MISCONCEPTIONS ABOUT CREATIVITY  

Written 2/17/17
A common misconception I’ve noted as of late is that creators, writers, musicians; any form of the arts and entertainment are there for the sole purpose of its audience.
Yes, it is a form of expression.
No, creators are not machines pumping out work constantly for your approval. Most do it because they must. For varied reasons such as building a history, getting over their self-reservations, making friends, and even as a therapy. Each creator has a different story, but one thing is constant. The drive to better ourselves. That’s how a joke works:
You tell one, that person either gets it and laughs or the joke goes over their head. A laugh fills the teller with accomplishment.
The common misconception leads to burn out; the creators spread themselves far too thin to appease their impatient audience, readers, fans, etc. The creators are seen as property and told what they should do and what they should think. It shatters self-esteem and in some cases the creator shuts down. They stop doing what they love and what they feel is special to them. They shut down their blogs; leave the stage, they disappear…
Misconceptions, expectations, and demands are what kills the makers of dreams. And it starts from a very early age. School. Outside thinkers are crushed. forced to comply to a certain mindset. Everything is dictated, when they nap, when they take breaks, when they eat and what is focused on. Rarely is that focus on the arts once an elementary kid reaches junior high. And then, miraculously, the focus curves towards creative arts. And at this point, the students are lost. The creator never had time to hone their skills and outside thinking. It’s cruel to penalize them, yet again, for something out of their control. If you’re not beaten down, there are peers and friends to help.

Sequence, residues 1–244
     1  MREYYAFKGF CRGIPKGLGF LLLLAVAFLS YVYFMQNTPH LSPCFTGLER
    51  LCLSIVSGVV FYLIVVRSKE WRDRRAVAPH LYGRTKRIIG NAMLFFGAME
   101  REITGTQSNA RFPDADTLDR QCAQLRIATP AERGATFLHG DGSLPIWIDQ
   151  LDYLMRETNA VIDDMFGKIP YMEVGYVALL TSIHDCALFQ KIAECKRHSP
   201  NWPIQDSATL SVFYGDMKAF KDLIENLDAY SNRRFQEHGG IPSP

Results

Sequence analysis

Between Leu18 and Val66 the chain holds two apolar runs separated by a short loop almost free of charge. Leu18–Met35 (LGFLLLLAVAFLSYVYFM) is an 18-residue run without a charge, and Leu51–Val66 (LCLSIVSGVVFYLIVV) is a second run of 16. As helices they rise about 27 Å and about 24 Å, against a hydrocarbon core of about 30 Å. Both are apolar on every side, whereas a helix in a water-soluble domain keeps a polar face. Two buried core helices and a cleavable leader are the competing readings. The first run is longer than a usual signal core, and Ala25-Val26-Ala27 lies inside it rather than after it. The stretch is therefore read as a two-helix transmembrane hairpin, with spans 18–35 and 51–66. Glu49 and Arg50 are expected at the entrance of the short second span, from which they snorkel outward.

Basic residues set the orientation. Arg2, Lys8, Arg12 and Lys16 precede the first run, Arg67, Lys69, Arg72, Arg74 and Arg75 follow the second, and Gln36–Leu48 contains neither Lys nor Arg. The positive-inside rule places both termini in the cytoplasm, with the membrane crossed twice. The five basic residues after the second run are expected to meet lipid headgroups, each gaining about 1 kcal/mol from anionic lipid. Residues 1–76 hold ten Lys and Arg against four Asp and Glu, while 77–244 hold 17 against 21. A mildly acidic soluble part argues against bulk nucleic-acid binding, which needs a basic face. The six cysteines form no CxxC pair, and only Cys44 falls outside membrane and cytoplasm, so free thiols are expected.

We all grow at our own pace, and the ones that master first are targets of jealousy, passive aggressive feedback, and social slavery. In order to “fit in” and “keep friends” they whore out their craft on demand, and are expected to for free. They do what they love, post it online, and the anonymous tell them hateful, hurtful things, whether true or not. “I hate this pairing.” “Go kill yourself.” “Your music sucks! Play something we know!” “Copycat.” “Sellout.” and many horrible messages and words are exchanged.
Is it small wonder that when you approach a creator they are wary of you, ignore the praise/criticism, and/or hide? They wonder: “This person… is being nice to me, what do they want?” That is how the creators MUST perceive the world or be swallowed whole.
It gets even worse if you’re popular or a celebrity. Certain contracts and legally binding deals OWN you; they use and destroy you once the money, power, and fame stops rolling in. Your life is not your own and everyone find fault in everything you do. Who in their right mind would WANT that life? Once you’ve been drained of every last drop of magic, they cash in on your death. Reimagined, they forget who you were. And your family suffers your mistakes long after you’re gone.
The life of a creator is fragile, fleeting, and one of the most beautiful things about the human condition. Do not take dreamers for granted and they will show you new worlds; take you to planes of light, sound, and bring a tear to your eye with a stroke of the pen.
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